A new analysis of three-toed sloths’ survival in the forests of Costa Rica offers two-fold insights for scientists hoping to aid the tree-dwelling critters.
As Veronique Greenwood explains for The New York Times, researchers from the University of Wisconsin-Madison juxtaposed data on the animals’ reproductive success and longevity with the presence of leafy Cecropia, or guarumo, trees, which are known for providing shade to cacao plants and serving as sloths’ favorite treat. The team found that adult sloths living in guarumo-heavy habitats enjoyed higher survival and birthing rates, suggesting the tree’s prevalence can have a powerful effect on sloth populations’ survival.
At the same time, biologist Jan Hoole of England’s Keele University writes for the Conversation, the scientists also discovered that the density of guarumo trees in a certain area had no correlation with the survival of juvenile sloths. Instead, the researchers report in Proceedings of the Royal Society B, young sloths often abandoned the nutrient-rich tree in favor of lower quality saplings, trading in a rich diet for the protection afforded by such trees’ denser leafy coverings.
Combined, these two lines of inquiry paint a complex yet promising vision of sloths’ future in the wild. According to Greenwood, adult sloths’ reliance on guarumo trees indicates that the tree’s presence can foster the growth of populations living in human-disturbed habitats, even as evolving circumstances threaten to otherwise upset the ecosystem’s balance. And juveniles’ embrace of other tree species further speaks to the three-toed sloth’s perseverance: As Hoole points out, the fact that the creatures can branch out from their preferred diet means they are more adaptable than previously believed.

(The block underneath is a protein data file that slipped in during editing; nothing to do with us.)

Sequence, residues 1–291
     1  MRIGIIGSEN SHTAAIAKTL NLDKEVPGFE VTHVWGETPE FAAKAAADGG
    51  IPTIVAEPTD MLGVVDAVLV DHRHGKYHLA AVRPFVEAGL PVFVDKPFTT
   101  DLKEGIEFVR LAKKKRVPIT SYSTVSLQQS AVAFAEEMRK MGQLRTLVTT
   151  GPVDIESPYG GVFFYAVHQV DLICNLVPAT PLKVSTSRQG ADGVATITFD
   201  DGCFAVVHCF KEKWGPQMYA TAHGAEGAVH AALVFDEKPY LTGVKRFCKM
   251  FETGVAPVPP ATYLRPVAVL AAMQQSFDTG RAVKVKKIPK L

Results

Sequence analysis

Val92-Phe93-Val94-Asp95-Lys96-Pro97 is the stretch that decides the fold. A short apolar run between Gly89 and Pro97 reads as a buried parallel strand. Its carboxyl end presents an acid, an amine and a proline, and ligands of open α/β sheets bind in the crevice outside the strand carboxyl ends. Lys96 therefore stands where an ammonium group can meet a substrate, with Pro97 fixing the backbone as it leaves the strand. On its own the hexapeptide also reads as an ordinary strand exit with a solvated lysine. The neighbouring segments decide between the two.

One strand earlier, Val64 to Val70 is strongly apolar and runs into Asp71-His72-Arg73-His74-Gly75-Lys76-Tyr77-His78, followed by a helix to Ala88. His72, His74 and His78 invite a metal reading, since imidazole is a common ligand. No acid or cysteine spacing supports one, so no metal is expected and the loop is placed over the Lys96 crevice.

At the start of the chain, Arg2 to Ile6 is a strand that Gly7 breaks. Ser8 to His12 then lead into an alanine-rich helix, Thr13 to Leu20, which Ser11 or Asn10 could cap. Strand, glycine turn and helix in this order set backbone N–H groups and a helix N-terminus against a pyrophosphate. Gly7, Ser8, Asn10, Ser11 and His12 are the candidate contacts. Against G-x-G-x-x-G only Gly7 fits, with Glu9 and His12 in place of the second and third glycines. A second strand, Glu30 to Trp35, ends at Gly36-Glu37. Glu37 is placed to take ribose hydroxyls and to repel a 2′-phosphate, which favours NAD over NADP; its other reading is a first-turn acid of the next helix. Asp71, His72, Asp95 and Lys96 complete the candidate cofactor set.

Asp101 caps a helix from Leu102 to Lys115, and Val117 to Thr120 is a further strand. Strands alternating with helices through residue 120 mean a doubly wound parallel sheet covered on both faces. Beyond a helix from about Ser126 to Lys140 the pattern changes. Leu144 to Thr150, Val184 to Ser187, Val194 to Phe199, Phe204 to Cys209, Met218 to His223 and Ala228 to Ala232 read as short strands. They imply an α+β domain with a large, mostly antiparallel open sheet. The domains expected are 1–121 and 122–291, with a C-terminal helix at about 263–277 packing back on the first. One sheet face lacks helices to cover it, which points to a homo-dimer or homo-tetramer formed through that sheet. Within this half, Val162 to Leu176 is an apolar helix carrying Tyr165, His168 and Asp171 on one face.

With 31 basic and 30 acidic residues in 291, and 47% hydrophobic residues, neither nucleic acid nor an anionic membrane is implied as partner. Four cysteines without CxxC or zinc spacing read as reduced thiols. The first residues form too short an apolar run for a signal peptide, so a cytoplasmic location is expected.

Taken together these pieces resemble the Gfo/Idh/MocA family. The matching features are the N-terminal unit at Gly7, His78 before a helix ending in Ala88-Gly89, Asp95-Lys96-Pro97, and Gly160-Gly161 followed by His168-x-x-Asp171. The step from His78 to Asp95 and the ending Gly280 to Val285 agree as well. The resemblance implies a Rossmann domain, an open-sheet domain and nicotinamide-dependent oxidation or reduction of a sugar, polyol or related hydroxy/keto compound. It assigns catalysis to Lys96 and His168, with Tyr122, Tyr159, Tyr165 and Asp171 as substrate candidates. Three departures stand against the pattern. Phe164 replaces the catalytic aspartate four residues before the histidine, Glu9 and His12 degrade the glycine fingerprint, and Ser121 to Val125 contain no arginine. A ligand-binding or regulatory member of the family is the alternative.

To gauge connections between sloths’ eating habits and biological success, study authors Mario Garcés-Restrepo, Jonathan Pauli and M. Zachariah Peery turned to a group of Costa Rican sloths equipped with location-transmitting radio collars. Lead author Garcés-Restrepo mapped the density of various trees across 40 areas of the animals’ habitat, then waited to see if the presence of a certain plant species correlated with sloths’ number of offspring and longevity.
All five adult sloths who died over the course of the study frequented areas with significantly fewer guarumo trees, Greenwood writes for The New York Times. Adults living in areas with more trees also went on to procreate more than their guarumo-bereft counterparts. Male sloths were particularly attuned to the presence of the plant species. It’s possible that this boom in reproductive activity stems not only from the nutritive value offered by the tree, but the visibility afforded by the open nature of its canopic covering. According to the Conversation’s Hoole, sloths have very poor vision, meaning they move to areas with higher visibility—and subsequently stronger chances of successfully spotting and wooing a fellow tree-dweller—during mating season.
Ironically, juvenile sloths’ avoidance of guarumo trees springs from their need for camouflage, as they are poorly equipped to fight off predators such as jaguars and eagles. The same logic applies to mother sloths, with new parents sometimes settling in trees with thicker canopies until their babies mature.
The implications of the new study essentially come down to habitat preservation and conservation efforts. Incorporating guarumo trees into so-called “agro-forestry” efforts in Brazil and Costa Rica could help scientists better sustain these regions’ sloth populations. Hoole explains that this deliberate agricultural method is used to grow cocoa trees, which are typically planted underneath a layer of native forest trees.
But guarumo trees aren’t sloths’ only path toward long-term survival: As the juveniles’ reliance on other tree varieties shows, these “specialized” herbivores are capable of surviving—and even thriving—on a more diverse diet than simply guarumo leaves.